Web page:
3. To determine whether the relationships between candidate gene variants and breast cancer are different according to whether women are lean or obese, or, whether women are active or inactive.

We continued to make progress during the final grant year. Our collaborator, Dr. Sue Ingles, finished genotyping the final candidate gene, ADRB3. Dr. Esther John, from the Northern California Cancer Center, merged the genotype results with the study questionnaire data, and, in addition, conducted validation analyses of the genotype measurements.

In summary, we observed associations for several anthropometric measures (measured waist and hip circumferences) and the LEP-R, (K109R) variant among pre- and postmenopausal healthy obese African American women (controls), and for hip circumference and waist-to-hip ratio in Caucasian healthy obese women (controls). We did not observe associations in Hispanic women, and, we did not observe associations with the two other LEP-R variants, Q223R and K656N. We observed associations between measured waist circumference and waist-to-hip ratio and the PPAR-gamma2 variant, Pro12Ala, among African American healthy women We are about to submit a manuscript summarizing results for LEP-R. We are continuing to conduct analyses on the PPAR-gamma gene and will begin analyses on the ADRB3 gene.

These results are very important to women's health, particularly in terms of our observation that body composition patterns and genetic associations vary according to race/ethnicity, and, in terms of identifying women who may be more susceptible to becoming obese, and, potentially at higher risk for breast cancer. We plan to conduct a diet and exercise intervention among obese postmenopausal women to preliminarily evaluate whether sub-groups of women may be more or less responsive to a weight-loss intervention.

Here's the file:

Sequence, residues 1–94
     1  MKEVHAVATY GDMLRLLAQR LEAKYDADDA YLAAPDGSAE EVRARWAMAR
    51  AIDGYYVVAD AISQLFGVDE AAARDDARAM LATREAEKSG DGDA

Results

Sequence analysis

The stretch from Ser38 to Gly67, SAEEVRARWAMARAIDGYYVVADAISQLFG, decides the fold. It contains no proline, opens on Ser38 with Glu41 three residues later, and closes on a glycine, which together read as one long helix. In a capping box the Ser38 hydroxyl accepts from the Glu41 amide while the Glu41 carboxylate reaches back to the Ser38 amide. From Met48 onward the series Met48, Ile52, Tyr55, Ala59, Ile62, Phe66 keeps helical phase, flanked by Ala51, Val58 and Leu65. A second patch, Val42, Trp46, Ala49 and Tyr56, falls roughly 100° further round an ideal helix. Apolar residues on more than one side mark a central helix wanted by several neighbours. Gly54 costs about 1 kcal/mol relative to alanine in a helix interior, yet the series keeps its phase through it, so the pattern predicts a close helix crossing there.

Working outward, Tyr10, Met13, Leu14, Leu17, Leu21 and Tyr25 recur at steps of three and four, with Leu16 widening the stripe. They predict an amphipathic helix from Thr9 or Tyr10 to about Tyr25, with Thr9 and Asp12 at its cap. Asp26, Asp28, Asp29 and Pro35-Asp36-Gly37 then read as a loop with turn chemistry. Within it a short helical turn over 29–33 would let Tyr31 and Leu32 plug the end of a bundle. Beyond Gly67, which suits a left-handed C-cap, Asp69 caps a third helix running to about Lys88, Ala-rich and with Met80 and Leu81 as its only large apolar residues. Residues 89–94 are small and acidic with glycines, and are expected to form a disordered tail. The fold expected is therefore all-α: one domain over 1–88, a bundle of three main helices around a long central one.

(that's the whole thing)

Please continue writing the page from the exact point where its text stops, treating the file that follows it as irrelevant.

Symposium Abstract (2007)
Introduction: Obesity increases the risk of developing breast cancer after menopause, but before menopause, obesity is protective. Genes the increase the likelihood of obesity may also be related to breast cancer. Objective: We studied the leptin-receptor gene (LEP-R) in relationship to body composition because the leptin-receptor may share functional pathways with breast cancer.

Methods: We conducted a candidate gene study of LEP-R among two study populations: a clinical sample of 36 healthy, overweight to obese postmenopausal women of Caucasian and African-American ancestry (age 45 to 72 y); and, a population-based sample of 729 pre- and postmenopausal healthy women (age 35 to 79 y) who were Caucasian, African-American and Hispanic. Both studies measured waist and hip circumferences, height and weight. The clinical study assessed total body fat using DEXA (dual-energy X-ray absorptiometry). For the clinical study, we genotyped LEP-R variants, K109R, Q223R with restriction endonuclease digestion; and K656N using direct sequencing. We genotyped the population sample using Taqman. We adjusted statistical association models for age (clinical sample), or, for age and menopausal status (population-based sample).

Results: In the clinical sample, we observed an association between percent body fat and the K109R variant (age-adjusted p=0.01), that appeared to be limited to African-American women. In the population sample, we observed associations of K109R with waist-to-hip ratio (WHR) among Caucasians (p = 0.03) and with waist circumference among African-Americans (p = 0.03). We stratified the population sample by body-mass index (BMI) greater than or equal to 30.0, the clinical cut-point for obesity. Among Caucasian obese women (BMI > 30.0), both WHR (p=0.006) and hip circumference (p=0.05) were associated with K109R, while waist (p = 0.009) and hip (p=0.06) were associated among African American obese women. The other LEP-R variants Q223R and K656N were not associated in either study sample. No associations were observed for Hispanic women.

Conclusion: The findings suggest that the LEP-R variant, K109R, may be associated with body fat and body fat distribution among overweight to obese women.